Such a riveting story. I think a story about a baseball player and a quarterback who is on his bye week is perfect for MMQB. I wouldn't expect Peter to NOT mention Peyton Manning a few times during a weekend when Manning's team isn't even playing. I think a whole page on Jeter is a bit much, but Peter has said before he thinks Jeter is the best player of his lifetime, if Peter's lifetime began over the last 30 years.

“I’m so glad what happened the other night,” Archie Manning said Saturday. “It’s justice. It’s God-sent.

God has sent The Jeter down to show the world how to treat the media and bang attractive brunettes at the same time. I wouldn't insinuate that The Jeter is like Jesus or any other Biblical figure, but only because no Biblical figure has more than 3,000 hits like The Jeter does. Either way, The Jeter is from God.

Reactions from around football to Jeter’s end, and what he leaves:

Yes, PLEASE! Because the only thing I care about more than Peter's opinion on Derek Jeter is someone else's opinion on Derek Jeter and be sure to put these reactions in a column about the NFL so they will be totally out-of-place. There are only 22 people who give a memory of Derek Jeter or provides thoughts about The Jeter. Only 22! If Peter put this much effort into MMQB every week it wouldn't be the 40% NFL-related, self-involved shit show the column has become.

Bill Parcells, Hall of Fame coach

"Oh please, Mr. Parcells! Give me a quote about Derek Jeter. Please sir?"

Champ Bailey, free-agent cornerback
“They should retire No. 2 in baseball. Definitely one of the greatest athletes ever.”

Yeah Champ, that's what they should do. The Jeter and the dude who integrated baseball, they are both on the same level. Retire both of those jerseys. Not that the Jeter worship is veering widely into hyperbole or over-praise at this point or anything.

Boomer Esiason, former quarterback, current CBS announcer

“Even as a Mets fan I have to admit Derek Jeter did it the right way.

(Chokes to death on hyperbole)

Justin Tuck, defensive end, Oakland Raiders
“With all the great things he did on the field my favorite with Jeter would be him taking time to have a conversation and take pictures with my dad during batting practice one day at Yankee Stadium. The way he ended it with the walk-off was unbelievable. I thought hitting a home run for his 3,000th hit was crazy but how he ended his Yankee career is fitting for how he played the game. He deserved to go out with a bang like that.”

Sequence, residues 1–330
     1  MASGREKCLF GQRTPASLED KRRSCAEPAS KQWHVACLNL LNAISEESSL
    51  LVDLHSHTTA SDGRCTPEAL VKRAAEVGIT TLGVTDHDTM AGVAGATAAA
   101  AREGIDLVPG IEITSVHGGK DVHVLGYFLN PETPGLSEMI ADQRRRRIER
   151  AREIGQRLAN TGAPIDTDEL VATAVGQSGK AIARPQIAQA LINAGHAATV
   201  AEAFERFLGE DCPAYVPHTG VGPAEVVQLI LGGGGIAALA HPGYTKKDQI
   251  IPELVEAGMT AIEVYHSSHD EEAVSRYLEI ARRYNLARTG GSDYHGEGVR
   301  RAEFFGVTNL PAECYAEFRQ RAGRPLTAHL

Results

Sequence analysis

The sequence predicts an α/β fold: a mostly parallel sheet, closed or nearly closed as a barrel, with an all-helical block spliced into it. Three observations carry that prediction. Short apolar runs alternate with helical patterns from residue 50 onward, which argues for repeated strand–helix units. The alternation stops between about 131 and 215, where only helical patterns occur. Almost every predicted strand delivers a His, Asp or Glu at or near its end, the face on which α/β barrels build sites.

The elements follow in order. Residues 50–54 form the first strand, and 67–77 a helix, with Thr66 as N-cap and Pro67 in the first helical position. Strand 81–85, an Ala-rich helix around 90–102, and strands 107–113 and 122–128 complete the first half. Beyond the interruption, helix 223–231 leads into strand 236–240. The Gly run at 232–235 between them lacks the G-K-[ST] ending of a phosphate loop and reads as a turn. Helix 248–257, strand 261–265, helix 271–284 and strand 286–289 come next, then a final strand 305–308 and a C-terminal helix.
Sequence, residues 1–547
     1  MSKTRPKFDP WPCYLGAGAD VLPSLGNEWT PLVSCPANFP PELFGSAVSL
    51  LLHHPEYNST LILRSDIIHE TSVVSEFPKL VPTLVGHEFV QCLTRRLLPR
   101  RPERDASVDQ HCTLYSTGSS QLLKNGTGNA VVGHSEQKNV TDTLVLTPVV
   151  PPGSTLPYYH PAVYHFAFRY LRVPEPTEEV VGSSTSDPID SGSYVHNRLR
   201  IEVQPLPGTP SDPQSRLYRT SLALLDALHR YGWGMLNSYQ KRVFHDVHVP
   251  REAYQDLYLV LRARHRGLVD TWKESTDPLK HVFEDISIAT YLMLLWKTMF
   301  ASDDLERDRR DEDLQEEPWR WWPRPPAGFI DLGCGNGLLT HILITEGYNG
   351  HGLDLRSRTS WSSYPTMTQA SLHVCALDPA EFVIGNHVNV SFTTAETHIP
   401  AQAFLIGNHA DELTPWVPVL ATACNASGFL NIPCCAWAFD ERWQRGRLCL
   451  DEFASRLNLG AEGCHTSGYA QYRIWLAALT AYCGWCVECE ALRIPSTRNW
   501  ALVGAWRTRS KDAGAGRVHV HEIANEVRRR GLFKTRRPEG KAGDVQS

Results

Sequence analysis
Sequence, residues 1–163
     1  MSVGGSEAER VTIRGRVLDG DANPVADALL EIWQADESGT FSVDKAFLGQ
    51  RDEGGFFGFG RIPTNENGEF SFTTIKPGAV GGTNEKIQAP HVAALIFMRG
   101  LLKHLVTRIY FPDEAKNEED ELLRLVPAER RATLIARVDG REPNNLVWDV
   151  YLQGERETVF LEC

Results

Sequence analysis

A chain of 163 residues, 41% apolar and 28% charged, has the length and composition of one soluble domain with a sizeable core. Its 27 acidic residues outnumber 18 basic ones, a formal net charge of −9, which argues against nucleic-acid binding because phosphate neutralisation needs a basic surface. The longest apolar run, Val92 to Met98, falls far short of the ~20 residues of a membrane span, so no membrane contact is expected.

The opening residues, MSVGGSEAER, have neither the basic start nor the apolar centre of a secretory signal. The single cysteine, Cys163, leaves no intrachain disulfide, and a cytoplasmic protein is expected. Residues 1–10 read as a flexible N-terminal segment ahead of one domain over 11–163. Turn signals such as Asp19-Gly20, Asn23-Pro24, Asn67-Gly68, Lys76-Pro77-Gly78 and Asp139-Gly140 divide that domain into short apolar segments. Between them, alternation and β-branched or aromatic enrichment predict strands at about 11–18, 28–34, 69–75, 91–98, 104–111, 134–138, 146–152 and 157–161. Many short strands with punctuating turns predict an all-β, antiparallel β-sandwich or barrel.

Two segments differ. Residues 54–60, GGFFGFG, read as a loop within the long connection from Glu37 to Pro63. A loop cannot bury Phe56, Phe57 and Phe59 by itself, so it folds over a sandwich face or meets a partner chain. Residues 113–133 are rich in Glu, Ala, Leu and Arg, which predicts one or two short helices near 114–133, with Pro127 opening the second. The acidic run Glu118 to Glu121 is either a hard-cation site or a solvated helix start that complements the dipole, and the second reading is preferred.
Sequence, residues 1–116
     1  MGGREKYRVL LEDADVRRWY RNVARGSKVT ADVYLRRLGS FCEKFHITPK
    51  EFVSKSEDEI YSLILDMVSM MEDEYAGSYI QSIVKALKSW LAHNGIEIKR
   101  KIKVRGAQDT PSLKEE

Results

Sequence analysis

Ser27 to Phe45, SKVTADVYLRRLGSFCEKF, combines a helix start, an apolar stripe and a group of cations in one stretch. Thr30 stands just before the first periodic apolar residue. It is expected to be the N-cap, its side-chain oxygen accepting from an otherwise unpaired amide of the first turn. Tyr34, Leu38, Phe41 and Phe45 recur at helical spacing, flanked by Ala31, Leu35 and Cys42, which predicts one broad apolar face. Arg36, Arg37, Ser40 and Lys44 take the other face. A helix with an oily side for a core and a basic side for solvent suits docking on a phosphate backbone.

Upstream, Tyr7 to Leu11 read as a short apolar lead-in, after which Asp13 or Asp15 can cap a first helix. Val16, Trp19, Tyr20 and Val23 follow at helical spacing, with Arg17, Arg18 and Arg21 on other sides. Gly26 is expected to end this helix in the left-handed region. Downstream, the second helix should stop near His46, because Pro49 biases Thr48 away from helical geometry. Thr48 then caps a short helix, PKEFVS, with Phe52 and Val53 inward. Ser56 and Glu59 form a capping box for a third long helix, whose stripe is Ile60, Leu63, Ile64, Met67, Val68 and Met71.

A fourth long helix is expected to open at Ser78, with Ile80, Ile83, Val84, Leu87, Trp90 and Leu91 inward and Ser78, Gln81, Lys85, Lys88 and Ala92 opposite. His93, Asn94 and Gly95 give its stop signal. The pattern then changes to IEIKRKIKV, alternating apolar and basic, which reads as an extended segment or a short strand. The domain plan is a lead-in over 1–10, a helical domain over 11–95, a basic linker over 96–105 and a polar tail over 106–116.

Hey Justin Tuck, Jeter didn't end his Yankee career with a walk-off, but thanks for paying so much attention.

Mike Mayock, NFL Network analyst

(From 1992 prior to the MLB Draft) "Sure, Derek Jeter had great high school numbers and a history of leadership, but look at how small his hands are and he had a bad workout before the MLB Draft. So let's ignore his entire high school career and focus on those two things. Then if I'm wrong, I'll just pretend I never said anything bad about Jeter."

Wait, wrong quote from Mayock.

John Harbaugh, coach, Baltimore Ravens: “Three or four years ago I threw out a first pitch at an O’s game. Sitting in the stands, there he was in the on-deck circle and I caught his eye and he nodded. Very classy.” …

Wow, real in-depth interesting story there. "ONE TIME, JETER NODDED AT ME!"

Brett Favre, former quarterback: “Awesome, and only fitting he go out that way. Classy player. I’m honored to say I watched him play this year in Seattle.” …

And really, why wouldn't Peter King roll over and ask Brett Favre if he has a quote about Derek Jeter? It's not like Peter is obsessed with Favre and it's not like Favre craves any little mention of his name to get back in the spotlight again for even a brief moment.

Ron Rivera, coach, Carolina Panthers: “I grew up a Yankee fan so I thought it was great the way he finished his career. And I love the Jeter commercial with the Frank Sinatra song.” … 

Maybe Jeter can play offensive line or fix whatever the hell is wrong with the Carolina defense? No, that's not his job, it's yours? Great, then do it.

Greg Schiano, former Tampa Bay coach: